5 Real-Life Robin Hoods Who Singlehandedly Redistributed Wealth
If you absolutely have to do a crime, robbing an incredibly rich person is one that generally gets minimal blowback. Insurance probably covers it, it takes a chunk out of their spoiled kids’ inheritance at worst and you get to give some millionaire a bad day, which is almost always worth it. Nobody but the world’s biggest bootlicker is going to feel much empathy there.
If you follow that up by distributing the spoils to people in serious need of them? That’s when you can cross the line from victimless crime to folk heroism. There’s a reason Robin Hood is a beloved figure, one that even contrarian online engagement farmers can’t bring themselves to say “well, he is a criminal” about. So who are a few people from history who rode hands-on wealth redistribution to public adoration?
Here’s five of them…
Not providing adequate food to the poor is a quick way to kick off a revolution. Without a good meal to make them sleepy and passive, you’re instead going to have hunger kicking thoughts of resentment into overdrive. So when, in the early 1940s, Sicily’s government wasn’t able to handle food distribution, they weren’t swimming in good will. Forget fake Rolexes, the black market there at the time was flooded with a basic resource: food.
Salvatore Giuliano, after being almost killed in a police altercation while smuggling wheat, decided he was done with the ruling class’, well, rules. Over the next few years, he would become famous for robbing the rich and redistributing the money to the poor. He was beloved even by the hostages he took, who he was known for treating kindly (still not ideal, but it could be a lot worse when you’re human leverage). Giuliano’s exploits weren’t exactly bloodless, and he killed plenty of police during these criminal pursuits, but given that we’re talking about police that were at the time an arm of a Nazi government, sympathy doesn’t exactly flow like water. He was eventually murdered by his right-hand-man-turned-police-informant, who I can’t imagine got a lot of free drinks in that neighborhood anymore.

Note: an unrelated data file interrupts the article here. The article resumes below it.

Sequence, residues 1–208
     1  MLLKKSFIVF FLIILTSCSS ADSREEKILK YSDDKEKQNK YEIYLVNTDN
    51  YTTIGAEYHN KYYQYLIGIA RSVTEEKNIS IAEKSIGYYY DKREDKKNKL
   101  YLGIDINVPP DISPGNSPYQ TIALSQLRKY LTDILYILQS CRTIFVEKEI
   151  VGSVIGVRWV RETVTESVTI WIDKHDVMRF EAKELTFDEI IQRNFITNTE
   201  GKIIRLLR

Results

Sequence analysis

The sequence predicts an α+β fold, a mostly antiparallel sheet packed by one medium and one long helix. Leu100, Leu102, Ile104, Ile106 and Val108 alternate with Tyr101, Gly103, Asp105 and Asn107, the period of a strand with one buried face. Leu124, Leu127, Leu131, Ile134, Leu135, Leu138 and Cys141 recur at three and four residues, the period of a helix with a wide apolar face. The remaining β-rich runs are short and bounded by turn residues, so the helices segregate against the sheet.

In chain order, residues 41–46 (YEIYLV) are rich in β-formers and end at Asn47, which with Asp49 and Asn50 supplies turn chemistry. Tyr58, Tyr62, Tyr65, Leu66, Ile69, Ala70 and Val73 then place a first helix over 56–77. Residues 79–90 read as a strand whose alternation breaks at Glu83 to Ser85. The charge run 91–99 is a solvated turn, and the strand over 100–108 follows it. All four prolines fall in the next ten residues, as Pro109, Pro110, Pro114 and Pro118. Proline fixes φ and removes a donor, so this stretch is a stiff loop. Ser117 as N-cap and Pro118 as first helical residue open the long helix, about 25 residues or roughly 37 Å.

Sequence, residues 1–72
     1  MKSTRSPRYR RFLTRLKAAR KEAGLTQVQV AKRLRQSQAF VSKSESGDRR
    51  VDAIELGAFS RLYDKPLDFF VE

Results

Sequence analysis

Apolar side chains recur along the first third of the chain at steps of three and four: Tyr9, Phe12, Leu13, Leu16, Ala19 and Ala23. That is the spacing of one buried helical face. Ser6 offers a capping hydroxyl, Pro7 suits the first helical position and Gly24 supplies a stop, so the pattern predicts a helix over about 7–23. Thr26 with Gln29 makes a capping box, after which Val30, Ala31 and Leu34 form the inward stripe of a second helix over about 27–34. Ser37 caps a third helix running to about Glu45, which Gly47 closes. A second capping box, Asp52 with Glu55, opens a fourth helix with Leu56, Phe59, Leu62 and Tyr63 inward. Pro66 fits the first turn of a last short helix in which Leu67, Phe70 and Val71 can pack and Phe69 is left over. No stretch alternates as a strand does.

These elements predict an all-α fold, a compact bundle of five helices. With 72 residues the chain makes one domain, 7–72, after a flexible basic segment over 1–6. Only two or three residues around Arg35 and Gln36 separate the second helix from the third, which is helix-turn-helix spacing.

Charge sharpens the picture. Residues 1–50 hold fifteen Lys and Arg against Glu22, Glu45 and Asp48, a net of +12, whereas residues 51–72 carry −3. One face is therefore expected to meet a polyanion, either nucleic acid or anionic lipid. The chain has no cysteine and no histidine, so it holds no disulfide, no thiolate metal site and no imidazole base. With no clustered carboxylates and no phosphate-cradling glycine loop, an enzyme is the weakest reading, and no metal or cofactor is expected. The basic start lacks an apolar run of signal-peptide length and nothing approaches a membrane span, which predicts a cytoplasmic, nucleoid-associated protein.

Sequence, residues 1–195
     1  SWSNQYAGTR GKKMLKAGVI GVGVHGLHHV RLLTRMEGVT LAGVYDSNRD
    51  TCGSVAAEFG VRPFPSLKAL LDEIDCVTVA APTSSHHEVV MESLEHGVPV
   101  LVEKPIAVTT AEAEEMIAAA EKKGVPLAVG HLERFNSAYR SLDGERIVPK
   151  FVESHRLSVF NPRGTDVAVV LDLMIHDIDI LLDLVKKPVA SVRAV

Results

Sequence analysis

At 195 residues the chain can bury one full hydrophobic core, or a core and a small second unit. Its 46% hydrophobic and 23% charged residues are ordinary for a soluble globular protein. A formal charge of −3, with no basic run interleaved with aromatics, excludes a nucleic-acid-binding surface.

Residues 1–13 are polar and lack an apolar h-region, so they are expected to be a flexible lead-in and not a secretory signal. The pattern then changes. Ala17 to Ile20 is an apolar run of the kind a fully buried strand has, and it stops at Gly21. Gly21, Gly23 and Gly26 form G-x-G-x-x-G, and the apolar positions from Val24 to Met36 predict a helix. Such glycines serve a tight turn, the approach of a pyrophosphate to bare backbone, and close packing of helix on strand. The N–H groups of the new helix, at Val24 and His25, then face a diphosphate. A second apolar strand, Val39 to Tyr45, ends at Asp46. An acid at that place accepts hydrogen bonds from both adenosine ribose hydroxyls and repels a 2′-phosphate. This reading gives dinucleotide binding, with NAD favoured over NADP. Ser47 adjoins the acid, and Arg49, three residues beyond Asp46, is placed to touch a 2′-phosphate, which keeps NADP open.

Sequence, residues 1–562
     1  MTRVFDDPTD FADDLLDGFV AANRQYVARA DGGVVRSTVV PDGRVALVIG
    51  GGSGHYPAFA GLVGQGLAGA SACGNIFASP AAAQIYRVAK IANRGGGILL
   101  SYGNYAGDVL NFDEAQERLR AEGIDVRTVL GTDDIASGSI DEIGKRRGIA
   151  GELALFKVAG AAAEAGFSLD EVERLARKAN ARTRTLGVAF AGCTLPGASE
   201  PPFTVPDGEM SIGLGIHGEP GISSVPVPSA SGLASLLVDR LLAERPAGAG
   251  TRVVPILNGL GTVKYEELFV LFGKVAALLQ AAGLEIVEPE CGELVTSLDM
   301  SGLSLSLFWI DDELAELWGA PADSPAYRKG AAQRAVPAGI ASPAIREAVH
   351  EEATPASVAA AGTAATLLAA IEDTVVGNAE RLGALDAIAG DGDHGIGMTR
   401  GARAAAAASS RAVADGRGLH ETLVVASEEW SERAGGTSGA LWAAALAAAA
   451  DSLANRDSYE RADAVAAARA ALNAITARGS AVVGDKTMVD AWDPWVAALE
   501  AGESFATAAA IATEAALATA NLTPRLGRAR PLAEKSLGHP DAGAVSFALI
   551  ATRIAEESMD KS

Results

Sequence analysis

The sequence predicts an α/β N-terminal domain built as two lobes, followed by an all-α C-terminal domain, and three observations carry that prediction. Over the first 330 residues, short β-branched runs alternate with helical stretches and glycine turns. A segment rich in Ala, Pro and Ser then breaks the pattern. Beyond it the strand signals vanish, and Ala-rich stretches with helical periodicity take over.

The actual criminal career of Slovak bandit-turned-icon Juraj Janosik was very short. One of the downsides to taking on an extremely powerful empire is that they’re going to have ample resources they can dedicate to taking out the man spitting in their face. It also guarantees that if you are caught, you’re not going out in any sort of humane or dignified way. This proved true for Janosik, who only managed less than two years of good-intentioned robbery before being tortured and executed by a hook through the side — far from comfortable.
Janosik’s enemy was the Habsburg dynasty, pretty much as deserving a target as you can draw up. Slovakia was filled with a population indebted by serfdom to Hungary, ruled by a family famous for their blind nepotism even in a time when monarchy was the rule. They were beyond eager to back somebody willing to cause the ruling class some pain. Given how badly they needed a win, Janosik was destined for martyrdom long before his death, a destiny that came true, with him still considered one of the national heroes of Slovakia.